June 15, 2024
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A senior Chinese diplomat has threatened to “downgrade relations” with Israel following an interview published in The Jerusalem Post with Taiwan’s foreign minister, the Post’s editor in chief, Yaakov Katz, tweeted on Tuesday, May 31.

“Didn’t take long. Got call from Chinese embassy. Apparently, I’m supposed to take down the story or they will sever ties with The Jerusalem Post and downgrade relations with the State of Israel. Needless to say, story ain’t going anywhere,” Katz stated in the tweet.

In the interview, published on Monday, May 30, Taiwanese Foreign Minister Joseph Wu said that Israel had become over-reliant on China and that Beijing was preparing for an invasion of the breakaway island. He called for increased Israeli-Taiwanese cooperation, warned of a possible Chinese invasion, and advised Israelis to be very wary of relying on Beijing.

The interview was published in the Post‘s print edition on Tuesday.

“China is an authoritarian country, and they do business in a very different philosophy,” said Wu.

Wu suggested that Israel not make concessions to Beijing nor “worry about China getting upset with you. When they get upset with you, that means you’re doing something right.”

On May 10, the Chinese embassy sent a letter to the Post, accusing an opinion piece it published over events in the Xinjiang province of being an “anti-China article written by a ‘Xinjiang independence’ separatist,” according to a report by i24News.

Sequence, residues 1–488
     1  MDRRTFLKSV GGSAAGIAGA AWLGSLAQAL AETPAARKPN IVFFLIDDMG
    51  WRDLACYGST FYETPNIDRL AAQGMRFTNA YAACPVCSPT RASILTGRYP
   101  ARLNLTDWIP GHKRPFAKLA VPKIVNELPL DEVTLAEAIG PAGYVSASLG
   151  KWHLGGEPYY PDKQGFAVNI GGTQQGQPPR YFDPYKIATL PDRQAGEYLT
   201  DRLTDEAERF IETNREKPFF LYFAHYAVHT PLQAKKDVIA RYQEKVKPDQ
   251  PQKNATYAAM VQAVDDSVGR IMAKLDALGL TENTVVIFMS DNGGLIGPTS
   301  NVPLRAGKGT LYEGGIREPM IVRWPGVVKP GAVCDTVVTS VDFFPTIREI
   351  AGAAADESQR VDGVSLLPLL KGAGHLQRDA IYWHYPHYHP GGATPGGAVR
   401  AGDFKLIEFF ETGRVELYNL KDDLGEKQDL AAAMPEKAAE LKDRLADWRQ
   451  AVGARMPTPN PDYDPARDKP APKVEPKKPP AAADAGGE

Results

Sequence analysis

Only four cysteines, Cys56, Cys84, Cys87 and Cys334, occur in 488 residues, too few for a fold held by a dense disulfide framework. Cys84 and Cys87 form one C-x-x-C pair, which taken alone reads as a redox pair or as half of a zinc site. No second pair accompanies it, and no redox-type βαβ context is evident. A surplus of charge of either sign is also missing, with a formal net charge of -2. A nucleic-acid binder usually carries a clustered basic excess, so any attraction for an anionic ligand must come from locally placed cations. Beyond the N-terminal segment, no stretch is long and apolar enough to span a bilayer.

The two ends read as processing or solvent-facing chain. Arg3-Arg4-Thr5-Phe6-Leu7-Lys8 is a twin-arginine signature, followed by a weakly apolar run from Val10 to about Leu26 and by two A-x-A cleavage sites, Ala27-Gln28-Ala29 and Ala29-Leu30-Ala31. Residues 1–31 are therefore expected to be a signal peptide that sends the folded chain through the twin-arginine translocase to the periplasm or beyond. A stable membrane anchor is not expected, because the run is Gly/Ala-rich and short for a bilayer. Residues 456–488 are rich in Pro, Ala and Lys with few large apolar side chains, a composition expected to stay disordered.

At that time, Kan News reported on an Israeli diplomatic cable instructing embassy staffers around the world not to accept invitations from their Taiwanese counterparts to official events. According to Kan, the cable was “an apparent attempt to avoid a diplomatic flare-up with China.”

Israel’s Ministry of Foreign Affairs has not commented on the matter.

Israeli-Taiwanese ties are complicated by Jerusalem’s desire to maintain good relations with China. Jerusalem and Taipei do not have official diplomatic relations. Israeli interests are represented by the Israel Economic and Cultural Office in Taipei.

Despite the lack of official ties, the Singapore-based CNA News reports that Israel and Taiwan have signed more than 20 agreements in various areas of bilateral trade, with the volume of trade “exceeding US $2.3 billion, making Taiwan Israel’s fourth largest export destination in Asia” in 2022.

But those figures are dwarfed by Israel’s trade with China.

Israel’s National Bureau of Statistics revealed in January that China overtook the U.S. as the Jewish state’s largest source of imports.

Chinese businesses have taken on a number of major Israeli infrastructure contracts, such as operating the Port of Haifa. Chinese involvement in these projects have raised the concerns of the Trump and Biden administrations.

In January, Israeli officials pledged to notify Washington of significant deals with Beijing.

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